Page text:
the Advent disciplines of art and poetry lend themselves to expressions of sabi. Incarnation, after all, is about taking on limitation and accepting the constraints of the Earth plane. Advent calls us to the starkness of being, and being bound to time and place.

During this time we turn away from what I call LED Jesus; the bright shining transcendence who hovers over altar tables, the pantocrator on the ceiling surrounded by gold... and way, far up there.

During Advent our God has edges. God comes right up to our skin and breathes. it's close-up. Stark. And so we need a stark expression.

The haiku master Basho once talked about how other poets write in color, but his students write in black and white.

Here are some of my black and white haiku for the first week in Advent:


o come, come Emanuel
a people of hope
we want to sing, want to hope


the dark closes in
unstoppable, unyielding
where is my candle?


dark keeps creeping in
my little candle flickers
winter wind threatens


don't let the rain come
wet skies taunt me with their threats
i guard my small light


at night it goes out
then the day with its own light
i light the candle again
and again, amen. amen.
i light my candle again


can the light grow strong
when the dark is all around
when indifference rules?


On Saturday we have no haiku.
Jesus is in the womb.
It is a quiet day.

Also we are moving house on this day and we will not have time to write any haiku. But, we will have a darling little apartment and that is worth a haiku sacrifice.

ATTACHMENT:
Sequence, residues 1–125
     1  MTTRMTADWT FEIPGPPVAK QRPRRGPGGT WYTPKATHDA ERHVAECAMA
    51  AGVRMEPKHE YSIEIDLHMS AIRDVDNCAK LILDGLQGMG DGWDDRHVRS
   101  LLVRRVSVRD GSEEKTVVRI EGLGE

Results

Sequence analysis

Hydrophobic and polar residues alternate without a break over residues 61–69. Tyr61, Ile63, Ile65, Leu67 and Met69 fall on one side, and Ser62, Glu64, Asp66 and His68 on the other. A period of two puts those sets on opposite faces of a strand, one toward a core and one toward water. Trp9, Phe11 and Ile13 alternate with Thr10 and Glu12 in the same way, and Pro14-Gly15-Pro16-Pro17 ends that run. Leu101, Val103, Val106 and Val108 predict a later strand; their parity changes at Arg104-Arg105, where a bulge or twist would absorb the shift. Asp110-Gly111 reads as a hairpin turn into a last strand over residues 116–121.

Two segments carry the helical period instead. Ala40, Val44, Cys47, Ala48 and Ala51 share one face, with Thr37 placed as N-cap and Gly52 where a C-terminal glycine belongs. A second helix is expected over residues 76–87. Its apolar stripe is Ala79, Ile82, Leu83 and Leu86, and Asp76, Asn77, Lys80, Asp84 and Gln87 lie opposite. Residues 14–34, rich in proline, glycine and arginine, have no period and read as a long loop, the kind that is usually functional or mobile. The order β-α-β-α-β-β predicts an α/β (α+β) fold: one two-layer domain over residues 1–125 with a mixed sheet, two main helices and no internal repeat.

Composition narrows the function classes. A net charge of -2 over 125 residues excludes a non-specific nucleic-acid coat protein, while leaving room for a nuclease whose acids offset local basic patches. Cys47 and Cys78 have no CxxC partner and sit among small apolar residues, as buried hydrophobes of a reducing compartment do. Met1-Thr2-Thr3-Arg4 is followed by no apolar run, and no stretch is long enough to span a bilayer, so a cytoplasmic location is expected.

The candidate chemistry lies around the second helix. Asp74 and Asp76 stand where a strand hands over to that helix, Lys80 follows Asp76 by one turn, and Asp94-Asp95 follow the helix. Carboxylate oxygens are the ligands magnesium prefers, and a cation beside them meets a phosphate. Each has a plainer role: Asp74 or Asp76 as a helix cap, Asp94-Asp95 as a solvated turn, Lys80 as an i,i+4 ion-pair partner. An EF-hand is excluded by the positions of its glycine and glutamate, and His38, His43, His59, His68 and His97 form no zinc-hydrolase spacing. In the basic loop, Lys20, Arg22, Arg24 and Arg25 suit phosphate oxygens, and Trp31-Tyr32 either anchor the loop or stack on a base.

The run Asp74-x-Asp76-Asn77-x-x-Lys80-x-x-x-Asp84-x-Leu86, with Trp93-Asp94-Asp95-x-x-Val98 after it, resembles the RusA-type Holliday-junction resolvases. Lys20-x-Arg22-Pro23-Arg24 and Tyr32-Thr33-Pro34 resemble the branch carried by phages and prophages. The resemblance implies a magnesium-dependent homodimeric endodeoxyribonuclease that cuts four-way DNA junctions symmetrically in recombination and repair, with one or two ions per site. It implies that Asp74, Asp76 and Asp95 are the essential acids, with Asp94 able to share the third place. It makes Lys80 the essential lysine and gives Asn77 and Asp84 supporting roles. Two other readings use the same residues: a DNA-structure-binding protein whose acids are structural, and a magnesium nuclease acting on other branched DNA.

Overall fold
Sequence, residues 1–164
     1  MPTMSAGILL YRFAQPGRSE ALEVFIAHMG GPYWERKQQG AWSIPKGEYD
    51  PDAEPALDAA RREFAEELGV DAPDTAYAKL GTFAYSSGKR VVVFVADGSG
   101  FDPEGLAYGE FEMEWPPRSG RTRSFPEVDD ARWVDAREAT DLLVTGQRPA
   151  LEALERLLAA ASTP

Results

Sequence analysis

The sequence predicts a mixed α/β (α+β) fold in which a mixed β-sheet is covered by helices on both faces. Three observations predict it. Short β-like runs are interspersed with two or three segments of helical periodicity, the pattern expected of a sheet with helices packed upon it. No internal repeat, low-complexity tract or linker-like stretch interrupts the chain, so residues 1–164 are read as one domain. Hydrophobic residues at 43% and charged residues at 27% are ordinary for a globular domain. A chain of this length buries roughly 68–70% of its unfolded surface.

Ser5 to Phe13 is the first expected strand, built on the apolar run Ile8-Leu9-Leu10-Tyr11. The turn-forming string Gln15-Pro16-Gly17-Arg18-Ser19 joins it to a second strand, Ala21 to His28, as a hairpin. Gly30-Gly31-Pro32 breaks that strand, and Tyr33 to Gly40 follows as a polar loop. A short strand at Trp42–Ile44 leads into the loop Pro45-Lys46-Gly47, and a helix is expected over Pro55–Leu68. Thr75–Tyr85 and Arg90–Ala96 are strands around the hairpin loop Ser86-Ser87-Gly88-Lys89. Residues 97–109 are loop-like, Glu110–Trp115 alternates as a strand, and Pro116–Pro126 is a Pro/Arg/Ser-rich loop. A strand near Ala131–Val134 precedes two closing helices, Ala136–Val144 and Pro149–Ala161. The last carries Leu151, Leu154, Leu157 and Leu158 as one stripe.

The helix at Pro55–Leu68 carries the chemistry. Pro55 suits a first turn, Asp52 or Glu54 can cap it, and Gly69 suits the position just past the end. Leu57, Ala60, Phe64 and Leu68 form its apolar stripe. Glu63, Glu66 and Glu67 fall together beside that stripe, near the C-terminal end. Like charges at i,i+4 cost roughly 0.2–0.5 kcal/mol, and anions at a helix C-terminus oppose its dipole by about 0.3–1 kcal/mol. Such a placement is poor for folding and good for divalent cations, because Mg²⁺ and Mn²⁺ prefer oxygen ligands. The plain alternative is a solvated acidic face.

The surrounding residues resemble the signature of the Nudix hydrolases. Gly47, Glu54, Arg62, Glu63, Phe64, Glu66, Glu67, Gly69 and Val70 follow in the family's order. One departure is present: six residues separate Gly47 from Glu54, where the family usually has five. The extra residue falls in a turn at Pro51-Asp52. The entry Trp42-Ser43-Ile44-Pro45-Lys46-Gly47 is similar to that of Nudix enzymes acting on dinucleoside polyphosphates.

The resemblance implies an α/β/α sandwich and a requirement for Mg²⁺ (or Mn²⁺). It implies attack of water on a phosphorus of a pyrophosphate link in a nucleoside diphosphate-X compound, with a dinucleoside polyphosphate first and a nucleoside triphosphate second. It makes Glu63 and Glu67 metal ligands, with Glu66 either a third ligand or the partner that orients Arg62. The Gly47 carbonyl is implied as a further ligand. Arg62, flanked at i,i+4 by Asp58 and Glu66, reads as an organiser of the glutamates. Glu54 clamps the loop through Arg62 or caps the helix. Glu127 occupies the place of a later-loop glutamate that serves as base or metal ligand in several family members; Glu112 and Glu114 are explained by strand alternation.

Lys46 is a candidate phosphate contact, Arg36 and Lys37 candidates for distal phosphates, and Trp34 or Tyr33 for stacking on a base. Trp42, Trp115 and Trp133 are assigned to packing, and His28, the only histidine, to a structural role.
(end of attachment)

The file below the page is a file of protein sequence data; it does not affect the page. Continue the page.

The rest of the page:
Thursday, December 4, 2014


You may know haiku as the very short Japanese verse consisting of three lines and 17 syllables. And that's basically it. It's something we teach children and English language learners because it gives them a sense of being in command of the language, it reviews vowel sounds, and syllables, it uses new parts of the brain, and it's just plain fun.

But there is more to it than that. In fact, doing good haiku is hard. That's why I keep doing it. I haven't done a good one yet.

The precursor to the garden-variety 5-7-5 pattern was called thanka (or waka) and it has a 5-7-5-7-7 pattern. In a variation of that, one writer can write the 5-7-5 thanka opening, and someone else can write the last two lines. It's a poetic word game for two.

It reminds me of what Jane Hirshfield said in her Kindle Single, The Heart of Haiku:
To read a haiku is to become its co-author, to place yourself inside its words until they reveal one of the proteus-shapes of your own life.
Of course, such an exercise is different for everyone.

See if you can add anything to this haiku:

in mad defiance
i will light the light again
always believing

Wednesday, December 3, 2014


William Cullen Bryant is famous for his poem To a Waterfowl. At the time -- mid-18th century -- it was thought to be one of the best poems ever written.  And it is a very clean little piece:  Eight stanzas of iambic trimiter and pentameter. In my class we just looked for the rhyming words, though. It's only college, after all. And they are only English majors. Alas, I briefly fantasized about showing them the metaphor, the anaphora, and the anastrophe; in the end I decided against it. It is a clean little piece, though... and just right for teaching. William Arnold even said that it was the best short poem in the language. I don't think that any of you will feel that way about my haiku, but I am inspired the same as Bryant by the steadfastness of the bird, and the mysterious way it makes its way home... the way we all do.

to the waterfowl
bright white snowy bird

feet to the rear, beak forward
the avian engineer

are you going home?
is your lover there?